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COM: Neuro II (Exam I) > Pharmacokinetics > Flashcards

Flashcards in Pharmacokinetics Deck (32):

What are the 3 time allotments considered for routes of administration?

Time for dissolution (if solid formulation)
Time for absorption (considered 0 time for IV)
Time for circulation (to site of action/onset of action)


What are the 2 routes of passive (simple) absorption?

Filtration = through pores or channels; determined y osmotic/hydrostatic pressure differential

Diffusion = through cell membranes; determined y concentration gradient


What method of absorption is most commonly utilized by drugs?

Passive diffusion (through cell membranes y concentration gradient)


What is the difference between an ionized and unionized drug?

Ionized = charged/polar

Unionized = uncharged/nonpolar


What are the characteristics of ionized vs unionized compounds in terms of lipid solubility and PM diffusion?

Ionized compounds = lower lipid solubility and do not easily diffuse across PM

Unionized compounds = higher lipid solubility and easily diffuse across PM


Ionization status of drugs depends on 2 factors. What are they?

pKa of medication
PH of membrane gradient


Define pH versus pKa

PH = measure of acidity of a soln (0-14) and is a fnx of the amt of H+ in soln

PKa = propensity of a compound to donate (acids) or accept (bases) a proton


There are 2 important areas of the body where pH varies and commonly impacts ionization status. What are these 2 locations

GI tract


When is there a 50%:50% ratio of ionized:unionized drug in the body?

When pKa = pH


Differentiate between ionized and unionized drugs in terms of absorption and elimination

HIghly ionized drugs DO NOT get readily absorbed and ARE eliminated

Highly unionized drugs DO readily get absorbed and are NOT eliminated


Facilitated diffusion is considered active transport but is unique. What are the unique characteristics of facilitated diffusion?

- does not require energy
- does not proceed against gradients


What does the alpha represent in bound/unbound fraction of a drug?

Represents the unbound fraction

**Alpha is opposite of percent protein bound


Differentiate between bound and unbound drugs

Unbound = free drug; this is active -> represented by alpha; low protein binding means low displacement

Bound = inactive drug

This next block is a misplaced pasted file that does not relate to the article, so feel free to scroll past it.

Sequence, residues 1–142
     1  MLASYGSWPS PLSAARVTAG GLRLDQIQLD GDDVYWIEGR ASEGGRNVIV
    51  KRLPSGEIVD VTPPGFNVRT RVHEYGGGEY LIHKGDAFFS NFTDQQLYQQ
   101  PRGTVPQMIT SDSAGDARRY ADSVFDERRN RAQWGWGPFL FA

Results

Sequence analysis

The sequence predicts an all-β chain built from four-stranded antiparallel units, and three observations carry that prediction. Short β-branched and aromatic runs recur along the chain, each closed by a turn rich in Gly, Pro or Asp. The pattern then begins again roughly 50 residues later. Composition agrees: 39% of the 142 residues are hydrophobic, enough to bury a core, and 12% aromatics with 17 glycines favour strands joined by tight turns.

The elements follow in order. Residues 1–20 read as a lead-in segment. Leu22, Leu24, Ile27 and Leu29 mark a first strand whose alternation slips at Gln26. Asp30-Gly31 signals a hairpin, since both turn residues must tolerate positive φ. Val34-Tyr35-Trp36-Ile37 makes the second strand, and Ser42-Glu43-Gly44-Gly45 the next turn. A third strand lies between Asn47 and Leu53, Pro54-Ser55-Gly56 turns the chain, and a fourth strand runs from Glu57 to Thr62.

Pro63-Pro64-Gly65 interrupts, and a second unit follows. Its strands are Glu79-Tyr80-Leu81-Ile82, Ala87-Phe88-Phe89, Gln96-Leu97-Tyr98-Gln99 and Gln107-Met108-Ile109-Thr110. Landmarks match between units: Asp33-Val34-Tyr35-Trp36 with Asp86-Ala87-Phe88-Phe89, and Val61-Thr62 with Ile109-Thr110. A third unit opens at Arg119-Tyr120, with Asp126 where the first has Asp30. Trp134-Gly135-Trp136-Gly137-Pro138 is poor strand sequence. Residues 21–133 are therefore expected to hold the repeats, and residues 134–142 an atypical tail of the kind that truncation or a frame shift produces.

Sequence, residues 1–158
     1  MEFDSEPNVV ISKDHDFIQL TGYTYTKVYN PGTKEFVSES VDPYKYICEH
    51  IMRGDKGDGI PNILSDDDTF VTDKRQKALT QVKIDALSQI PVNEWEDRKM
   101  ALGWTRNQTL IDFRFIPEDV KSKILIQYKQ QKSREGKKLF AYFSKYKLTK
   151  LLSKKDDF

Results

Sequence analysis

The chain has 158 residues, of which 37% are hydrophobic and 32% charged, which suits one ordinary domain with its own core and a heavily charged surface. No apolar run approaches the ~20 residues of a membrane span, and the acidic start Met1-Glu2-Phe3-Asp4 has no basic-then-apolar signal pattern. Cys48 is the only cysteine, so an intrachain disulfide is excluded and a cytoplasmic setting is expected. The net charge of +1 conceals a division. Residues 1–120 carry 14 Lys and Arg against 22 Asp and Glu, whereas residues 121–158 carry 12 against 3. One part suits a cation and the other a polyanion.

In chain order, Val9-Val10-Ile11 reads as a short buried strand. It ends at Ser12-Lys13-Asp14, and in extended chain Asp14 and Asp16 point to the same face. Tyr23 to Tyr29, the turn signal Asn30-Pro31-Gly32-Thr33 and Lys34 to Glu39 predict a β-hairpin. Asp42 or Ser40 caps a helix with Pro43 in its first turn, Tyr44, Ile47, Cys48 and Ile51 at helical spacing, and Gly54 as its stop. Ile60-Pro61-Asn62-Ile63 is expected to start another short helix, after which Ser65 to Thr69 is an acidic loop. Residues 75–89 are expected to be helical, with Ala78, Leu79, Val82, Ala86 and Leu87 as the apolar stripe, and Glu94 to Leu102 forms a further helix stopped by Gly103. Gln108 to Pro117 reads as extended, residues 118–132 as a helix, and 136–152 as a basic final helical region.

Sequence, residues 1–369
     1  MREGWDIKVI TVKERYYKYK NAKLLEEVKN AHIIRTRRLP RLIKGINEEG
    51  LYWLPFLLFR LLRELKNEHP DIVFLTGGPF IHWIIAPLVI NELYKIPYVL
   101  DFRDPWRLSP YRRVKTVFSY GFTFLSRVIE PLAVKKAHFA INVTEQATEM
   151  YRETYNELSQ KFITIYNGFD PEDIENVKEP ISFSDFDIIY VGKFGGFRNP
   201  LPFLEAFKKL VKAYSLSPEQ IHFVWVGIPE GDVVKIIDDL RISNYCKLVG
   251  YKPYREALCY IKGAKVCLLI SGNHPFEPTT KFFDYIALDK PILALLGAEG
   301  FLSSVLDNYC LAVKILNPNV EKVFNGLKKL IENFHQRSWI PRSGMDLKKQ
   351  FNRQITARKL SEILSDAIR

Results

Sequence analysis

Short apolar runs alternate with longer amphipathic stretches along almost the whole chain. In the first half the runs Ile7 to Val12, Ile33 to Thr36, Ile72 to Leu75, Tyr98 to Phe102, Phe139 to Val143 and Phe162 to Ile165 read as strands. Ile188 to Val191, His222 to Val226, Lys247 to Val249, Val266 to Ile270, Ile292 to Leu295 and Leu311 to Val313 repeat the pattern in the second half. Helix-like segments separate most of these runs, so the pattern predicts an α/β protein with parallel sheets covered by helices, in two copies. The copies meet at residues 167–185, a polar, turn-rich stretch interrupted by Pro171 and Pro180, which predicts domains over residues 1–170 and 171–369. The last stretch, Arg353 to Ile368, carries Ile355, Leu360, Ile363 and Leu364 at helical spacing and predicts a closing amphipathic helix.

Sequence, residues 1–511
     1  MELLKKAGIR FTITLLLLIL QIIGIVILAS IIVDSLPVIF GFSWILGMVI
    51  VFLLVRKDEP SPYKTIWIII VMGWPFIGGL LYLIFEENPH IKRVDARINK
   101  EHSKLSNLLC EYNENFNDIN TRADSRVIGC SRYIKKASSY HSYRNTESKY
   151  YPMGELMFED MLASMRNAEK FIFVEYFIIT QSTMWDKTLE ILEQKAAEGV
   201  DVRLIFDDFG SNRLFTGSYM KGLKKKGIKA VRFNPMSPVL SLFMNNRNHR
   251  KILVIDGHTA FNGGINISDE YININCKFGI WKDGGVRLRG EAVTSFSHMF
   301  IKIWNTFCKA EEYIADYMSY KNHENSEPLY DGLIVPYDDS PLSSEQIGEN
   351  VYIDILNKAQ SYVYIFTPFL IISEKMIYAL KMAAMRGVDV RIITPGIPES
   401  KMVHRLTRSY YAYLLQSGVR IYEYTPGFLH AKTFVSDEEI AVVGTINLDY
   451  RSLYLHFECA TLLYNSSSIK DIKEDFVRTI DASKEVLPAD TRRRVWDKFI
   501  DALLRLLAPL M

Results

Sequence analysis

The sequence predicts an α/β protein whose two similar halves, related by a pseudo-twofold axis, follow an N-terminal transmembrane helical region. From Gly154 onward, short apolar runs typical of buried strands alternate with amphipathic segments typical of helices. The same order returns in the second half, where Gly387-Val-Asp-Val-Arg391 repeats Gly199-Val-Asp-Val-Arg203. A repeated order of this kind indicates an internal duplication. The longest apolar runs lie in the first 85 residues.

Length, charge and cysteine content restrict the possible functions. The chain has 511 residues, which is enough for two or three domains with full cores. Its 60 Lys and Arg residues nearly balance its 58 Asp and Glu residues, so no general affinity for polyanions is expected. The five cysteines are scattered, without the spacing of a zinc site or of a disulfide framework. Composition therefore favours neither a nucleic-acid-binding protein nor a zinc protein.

Explain the naming of CYPs

Family = first number
Subfamily = letter
Individual = last number


List the main sites of action of the cytochrome P450 enzyme system

GI tract


What are the 3 main processes of renal elimination?

1. Passive glomerular filtration -> blood flow dependent

2. Passive tubular diffusion -> PCT or DCT, ionization & concentration status dependent

3. Active tubular secretion -> weak acids/bases secreted into PCT


Explain first order kinetics

- the percentage of the total amount of change in the plasma concentration remains constant over time

$100 - 1/2 = 50 - 1/2 = 25...


Explain zero order kinetics

- the percentage of the total amount of change in the plasma concentration is not constant over time
- saturable (Vmax)

100-50 = 50 - 50 = 0 -> lose the same amount every time instead of a proportional loss


What does Tmax stand for?

Time at Cmax


What does MEC vs MTC stand for?

MEC = minimum effective concentration

MTC = maximum therapeutic concentration


What does F stand for in terms of absorption?

Bioavailability -> represents the fraction oof a dose that enters circulation

- describes the extend of absorption NOT the rate of absorption
- always considered 100% (F=1) for IV route
- no units


What factors determine the bioavailability of a drug?

Ionizing status in various locations
First pass and GI metabolism
Dissolution -> extend vs rate


What does S stand for in terms of absorption?

Salt factor -> percentage of a dose that equals the primary serum-assessed drug

- no units


What are the 3 items that determine the amount of drug absorbed?

Bioavailability (F)
Salt factor (S)


What is the equation for ideal body weight (IBW)?

Female = 45kg + (2.3kg X (height in inches - 60”))

Male = same but base weight of 50kg


What is the adjusted body weight (AdjBW) equation?

(0.4 X (ABW - IBW)) + IBW

**Used for ABW >40% higher than IBW


What does Cpss stand for. In terms of elimination?

Steady state -> represents an equilibrium between drug administration and body clearance, where rate in = rate out

- units = w/v #’s
- related to dose, Cl, Kel and T1/2


What is the equation used to calculate the loading dose and what are the units of the answer?

LD = ((Vd)(Cp)) / ((S)(F))

Units = weight units


What equation do you use to calculate a supplemental loading dose (LDsuppl) and what are the units of the answer?

LDsuppl = ((Vd)(Cpd - CPI) / (S)(F))

Units = weight units


What is the equation used to calculate the maintenance dose (MD)?

((Cl)(Cp)(tau)) / ((S)(F))


What is the equation used to calculate the elimination rate constant (Kel)?



((Ln(Cpt1) - ln(Cpt2)) / (T2-T1)


What is the equation used to calculate creatinine clearance (eGFR)?

[((140-age) X IBW(in kg)) / (72 X SCr)]

** multiply 0.85 if pt is female

**just simply 140-age is a good guess of eGFR so try to eliminate some answers using this